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Imagine you have ten definitions and you want to learn them by heart. It is easy - definitions are somehow unique. But, imagine 40 (60,100,1000) theorems that all look somehow similar and are all important. How would you learn them by heart? What the word "learn" mean here for you?

Of course, you can learn them by numbers, and everytime I will say "Theorem 147" you will say the right one. But somehow it is not right. We do not call people with their birth date, do we?

If so, how would you categorize the (limited number of) theorems? What would be your approach to learn tens of theorems by heart and still clearly distinguish between them? What makes a theorem unique? Could you draw a graph or a tree of theorems?

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  • $\begingroup$ Repetition. Do exercises that force you to recall and apply results as well. Nothing will imprint a result in your head like sitting down and trying to recall the needed hypotheses. $\endgroup$ – Rellek Jun 9 '17 at 22:41
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    $\begingroup$ There's no magic trick. Don't bother learning theorems word-for-word. Try to remember the tricks and techniques more than the theorems. The best way to remember the hypotheses for a theorem is to think of counterexamples when the hypotheses are removed - it helps to keep a bank of objects with strange properties, like, the Cantor set. $\endgroup$ – Jair Taylor Jun 9 '17 at 22:45
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    $\begingroup$ Also, another guiding principle is to try to imprint an image in your head that represents a technical result. Two excellent examples of this are with Urysohn's Lemma and the Rising Sun Lemma. Both of these have rather unilluminating statements that are easily represented by a simple mental image, allowing you to recall the needed hypotheses by deducing what the image represents. $\endgroup$ – Rellek Jun 9 '17 at 22:47
  • $\begingroup$ I feel like the point of collecting textbooks and references is precisely so you don't need to know all of the theorems by heart. Maybe some mathematicians never need to look things up at all when they're working, but they're probably in a small minority. $\endgroup$ – Mark S. Jun 9 '17 at 23:56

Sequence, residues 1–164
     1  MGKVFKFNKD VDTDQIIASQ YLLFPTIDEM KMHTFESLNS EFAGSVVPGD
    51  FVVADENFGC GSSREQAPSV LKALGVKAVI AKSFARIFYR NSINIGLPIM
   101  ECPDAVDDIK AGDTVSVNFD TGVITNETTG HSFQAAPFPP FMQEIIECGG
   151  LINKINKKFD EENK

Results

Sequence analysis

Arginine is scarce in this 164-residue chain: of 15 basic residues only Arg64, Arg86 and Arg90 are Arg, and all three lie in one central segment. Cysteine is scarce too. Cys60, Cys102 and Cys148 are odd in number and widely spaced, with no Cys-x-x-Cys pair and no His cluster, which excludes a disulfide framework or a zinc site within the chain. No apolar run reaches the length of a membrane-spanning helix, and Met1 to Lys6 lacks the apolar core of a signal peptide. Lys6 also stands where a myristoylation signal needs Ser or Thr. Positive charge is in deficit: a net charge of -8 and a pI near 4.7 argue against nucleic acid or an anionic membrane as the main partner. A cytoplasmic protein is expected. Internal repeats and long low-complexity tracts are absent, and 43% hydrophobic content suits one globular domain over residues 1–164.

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    $\begingroup$ @Mirko, the point is - I am given 10 theorems / sentences a day. On the one hand, I mention that I forget the theorems that I have gone through some days ago. On the other hand, during my homework I mention that I miss something, and start to search in the lecture notes until I find a theorem that could be a nice start for some proof. On the "third" hand, I do not manage to get all the proofs. So, I thought that if I cannot get them now, I could learn them by heart and understand later - when I will have time. $\endgroup$ – Kirill Jun 10 '17 at 13:35
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Two things I think are important here:

  1. Mathematics is/has a language. Learn the language by heart and then you will be able to formulate by heart a lot of sentences (i.e. propositions and theorems) without having to memorize almost anything. A lot of theorems that you're supposed to learn by heart are just one idea, once you're able to formulate this idea in the correct mathematical language you're almost done.

  2. Try to teach the theorems you want to memorize. And try to teach them in the most simple way you can. This will certainly clarify to you what you know and what you missed of the proofs. After one or two complete attempts you should be able to demonstrate the theorem by heart.

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  • $\begingroup$ Hello, @Daco, thank you for your answer! Could you please explain the 1. point more or give an example? I suppose what you mean, but am not sure about the "language" you noticed. Do you mean logic, proof theory, or something else? Could you also give some example for "one idea" for different theorems? Thank you. $\endgroup$ – Kirill Jun 10 '17 at 13:20
  • $\begingroup$ The mathematical language in a broad sense or mathematical formalism is just a quite exact way of expressing concepts. It involves quantifiers, basic tools, logic, way of constructing senteces, etc... as a normal language is made of grammar, syntax etc... $\endgroup$ – Dac0 Jun 10 '17 at 15:25